The latest issue of Antiquity published a paper presenting results of biochemical analyses of human bones from a few sites situated in north-eastern Syria, and showing on this basis that in the 22nd century BC, when the Akkadian Empire was declining, there was no change in the local economy which could be a response to a long-term drought, and even if there was a temporary climate change, the local human societies survived it in a good condition.
Although the climate was much more stable over the last ten thousand years than during previous glaciations, there were a few periods of warming or cooling lasting a few centuries in this more recent epoch, when precipitation in the Near East became less predictable. One of such periods was dated to approx. 4260-3970 BP, and its beginning coincided with the fall of the Old Kingdom in Egypt and fall of the Akkadian Empire in Mesopotamia. This led some archaeologists to advance a theory that a change of climate caused a rapid economic crisis in both regions.
Nearly thirty years ago the archaeologist Harvey Weiss and geologist Marie-Agnès Courty detected a layer of volcanic sediment at the site of Tell Leilan. The sediment was dated to the initial phase of the abandonment period that lasted for a few centuries, between approx. 2200 and 1900 BC. Their paper published in Science in 1993, depicted a scenario according to which the whole Mesopotamia was suddenly abandoned in 23rd century BC as a result of climate disaster generated by a volcanic eruption and re-populated only in the early 2nd millennium BC. This was proposed as a direct cause of the fall of the Akkadian Empire.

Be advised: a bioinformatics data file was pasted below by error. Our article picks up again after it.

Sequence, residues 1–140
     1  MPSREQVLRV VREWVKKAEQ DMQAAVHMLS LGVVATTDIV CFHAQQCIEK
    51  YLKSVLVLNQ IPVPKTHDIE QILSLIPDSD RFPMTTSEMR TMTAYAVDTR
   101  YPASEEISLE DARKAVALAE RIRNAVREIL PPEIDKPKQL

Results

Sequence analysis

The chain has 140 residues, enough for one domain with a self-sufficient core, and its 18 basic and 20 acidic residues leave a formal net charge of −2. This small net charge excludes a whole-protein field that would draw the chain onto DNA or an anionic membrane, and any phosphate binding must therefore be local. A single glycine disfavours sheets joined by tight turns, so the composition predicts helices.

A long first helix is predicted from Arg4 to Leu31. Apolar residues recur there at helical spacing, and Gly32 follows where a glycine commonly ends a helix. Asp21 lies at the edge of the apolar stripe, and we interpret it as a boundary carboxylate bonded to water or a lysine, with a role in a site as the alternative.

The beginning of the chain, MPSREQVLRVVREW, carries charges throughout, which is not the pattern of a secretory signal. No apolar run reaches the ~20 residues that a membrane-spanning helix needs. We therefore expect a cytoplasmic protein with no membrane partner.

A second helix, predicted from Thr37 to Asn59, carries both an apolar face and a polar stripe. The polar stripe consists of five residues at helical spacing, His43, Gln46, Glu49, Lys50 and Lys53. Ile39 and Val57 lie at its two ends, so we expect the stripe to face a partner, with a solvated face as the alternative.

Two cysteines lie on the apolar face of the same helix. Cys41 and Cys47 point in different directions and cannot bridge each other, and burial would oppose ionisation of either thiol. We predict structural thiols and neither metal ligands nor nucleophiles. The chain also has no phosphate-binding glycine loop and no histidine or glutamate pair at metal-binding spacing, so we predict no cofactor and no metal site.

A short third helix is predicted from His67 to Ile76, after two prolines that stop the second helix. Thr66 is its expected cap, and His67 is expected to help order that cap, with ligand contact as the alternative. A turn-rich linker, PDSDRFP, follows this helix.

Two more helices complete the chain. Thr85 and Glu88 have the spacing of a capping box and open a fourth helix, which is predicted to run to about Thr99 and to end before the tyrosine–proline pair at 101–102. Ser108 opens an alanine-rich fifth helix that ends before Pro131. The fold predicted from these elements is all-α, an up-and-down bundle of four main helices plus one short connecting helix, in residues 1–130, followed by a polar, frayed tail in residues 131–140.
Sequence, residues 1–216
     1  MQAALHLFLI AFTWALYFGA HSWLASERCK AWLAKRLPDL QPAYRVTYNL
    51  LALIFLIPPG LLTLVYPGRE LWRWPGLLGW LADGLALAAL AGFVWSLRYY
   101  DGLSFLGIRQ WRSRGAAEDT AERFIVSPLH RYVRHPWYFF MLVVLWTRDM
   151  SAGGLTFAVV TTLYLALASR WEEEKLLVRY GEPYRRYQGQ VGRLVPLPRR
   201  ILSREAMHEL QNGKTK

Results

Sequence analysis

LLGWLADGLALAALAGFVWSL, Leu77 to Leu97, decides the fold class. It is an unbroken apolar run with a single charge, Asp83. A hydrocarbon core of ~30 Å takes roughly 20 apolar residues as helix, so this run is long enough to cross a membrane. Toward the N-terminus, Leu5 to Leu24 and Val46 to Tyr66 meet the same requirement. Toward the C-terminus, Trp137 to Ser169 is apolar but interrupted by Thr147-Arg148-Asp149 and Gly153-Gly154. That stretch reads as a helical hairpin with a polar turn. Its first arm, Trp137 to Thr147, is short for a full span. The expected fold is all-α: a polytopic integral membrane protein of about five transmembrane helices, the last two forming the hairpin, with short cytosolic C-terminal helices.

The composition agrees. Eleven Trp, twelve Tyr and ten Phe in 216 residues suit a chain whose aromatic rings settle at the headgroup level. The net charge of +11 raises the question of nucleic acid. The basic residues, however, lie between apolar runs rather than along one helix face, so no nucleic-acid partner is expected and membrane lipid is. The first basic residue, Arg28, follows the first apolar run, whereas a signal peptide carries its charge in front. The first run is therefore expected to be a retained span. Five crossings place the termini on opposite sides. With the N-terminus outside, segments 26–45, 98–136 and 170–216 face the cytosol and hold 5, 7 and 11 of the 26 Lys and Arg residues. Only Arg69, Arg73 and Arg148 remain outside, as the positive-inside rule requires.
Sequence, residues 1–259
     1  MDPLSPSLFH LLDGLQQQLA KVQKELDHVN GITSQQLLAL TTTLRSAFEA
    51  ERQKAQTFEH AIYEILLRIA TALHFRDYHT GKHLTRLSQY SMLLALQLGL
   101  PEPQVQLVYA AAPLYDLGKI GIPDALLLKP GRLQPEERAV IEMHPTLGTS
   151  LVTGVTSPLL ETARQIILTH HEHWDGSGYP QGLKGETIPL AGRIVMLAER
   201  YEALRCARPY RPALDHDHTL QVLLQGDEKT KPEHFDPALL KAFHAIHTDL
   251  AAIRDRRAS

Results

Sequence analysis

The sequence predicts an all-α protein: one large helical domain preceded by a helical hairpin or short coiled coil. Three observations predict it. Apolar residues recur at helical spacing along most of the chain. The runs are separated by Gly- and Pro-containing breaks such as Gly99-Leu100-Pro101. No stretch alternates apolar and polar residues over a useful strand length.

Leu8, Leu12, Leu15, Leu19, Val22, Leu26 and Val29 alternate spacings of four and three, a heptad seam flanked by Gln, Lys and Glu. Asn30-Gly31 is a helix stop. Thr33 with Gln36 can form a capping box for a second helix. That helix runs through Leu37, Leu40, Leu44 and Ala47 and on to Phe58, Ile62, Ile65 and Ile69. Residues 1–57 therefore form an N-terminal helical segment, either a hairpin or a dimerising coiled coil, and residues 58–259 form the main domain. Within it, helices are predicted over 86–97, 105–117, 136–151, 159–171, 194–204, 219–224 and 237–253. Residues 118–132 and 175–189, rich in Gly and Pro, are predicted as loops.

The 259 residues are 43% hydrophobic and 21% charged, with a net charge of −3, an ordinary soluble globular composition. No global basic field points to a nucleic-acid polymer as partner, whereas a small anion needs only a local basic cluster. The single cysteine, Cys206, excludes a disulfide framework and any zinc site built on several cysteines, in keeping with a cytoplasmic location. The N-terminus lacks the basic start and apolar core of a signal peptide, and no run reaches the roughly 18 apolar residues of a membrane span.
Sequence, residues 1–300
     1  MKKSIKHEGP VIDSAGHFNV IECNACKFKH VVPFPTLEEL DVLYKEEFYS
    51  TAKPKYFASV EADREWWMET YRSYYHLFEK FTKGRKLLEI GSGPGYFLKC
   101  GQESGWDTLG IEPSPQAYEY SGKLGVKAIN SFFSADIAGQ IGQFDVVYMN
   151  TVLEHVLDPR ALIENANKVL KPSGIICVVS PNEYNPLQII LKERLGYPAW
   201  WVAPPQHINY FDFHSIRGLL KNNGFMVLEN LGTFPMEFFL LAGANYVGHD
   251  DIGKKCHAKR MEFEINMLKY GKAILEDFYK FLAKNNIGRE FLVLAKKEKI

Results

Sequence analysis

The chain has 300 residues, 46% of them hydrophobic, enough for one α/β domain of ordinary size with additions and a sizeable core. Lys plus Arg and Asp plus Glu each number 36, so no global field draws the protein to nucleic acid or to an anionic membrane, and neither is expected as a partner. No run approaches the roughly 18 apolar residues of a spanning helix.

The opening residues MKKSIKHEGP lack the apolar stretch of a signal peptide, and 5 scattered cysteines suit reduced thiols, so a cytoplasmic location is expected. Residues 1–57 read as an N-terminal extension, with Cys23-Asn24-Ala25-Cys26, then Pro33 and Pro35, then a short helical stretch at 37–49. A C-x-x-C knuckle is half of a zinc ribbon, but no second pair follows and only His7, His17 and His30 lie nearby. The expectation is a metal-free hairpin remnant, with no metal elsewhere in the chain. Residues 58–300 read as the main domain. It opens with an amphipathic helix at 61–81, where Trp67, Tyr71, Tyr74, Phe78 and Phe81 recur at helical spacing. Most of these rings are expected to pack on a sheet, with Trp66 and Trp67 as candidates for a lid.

Some sites were abandoned at roughly the same time, and at Nagar (modern site of Tell Brak), which was a regional administrative centre of the Akkadian state, archaeologists discovered evidence for an intentional and systematic abandonment of the site: one of the temples was ritually closed and filled with clean sand. However, the hypothesis advocated by Weiss and Courty was soon criticized by other archaeologists who conducted research in this region. They indicated that while some places were indeed abandoned and the settlement network was modified to a certain extent, life continued without noticeable disturbance, and even if the local population size decreased, this decrease was not so dramatic as to suggest depopulation of the whole region.
…or perhaps a meteorite?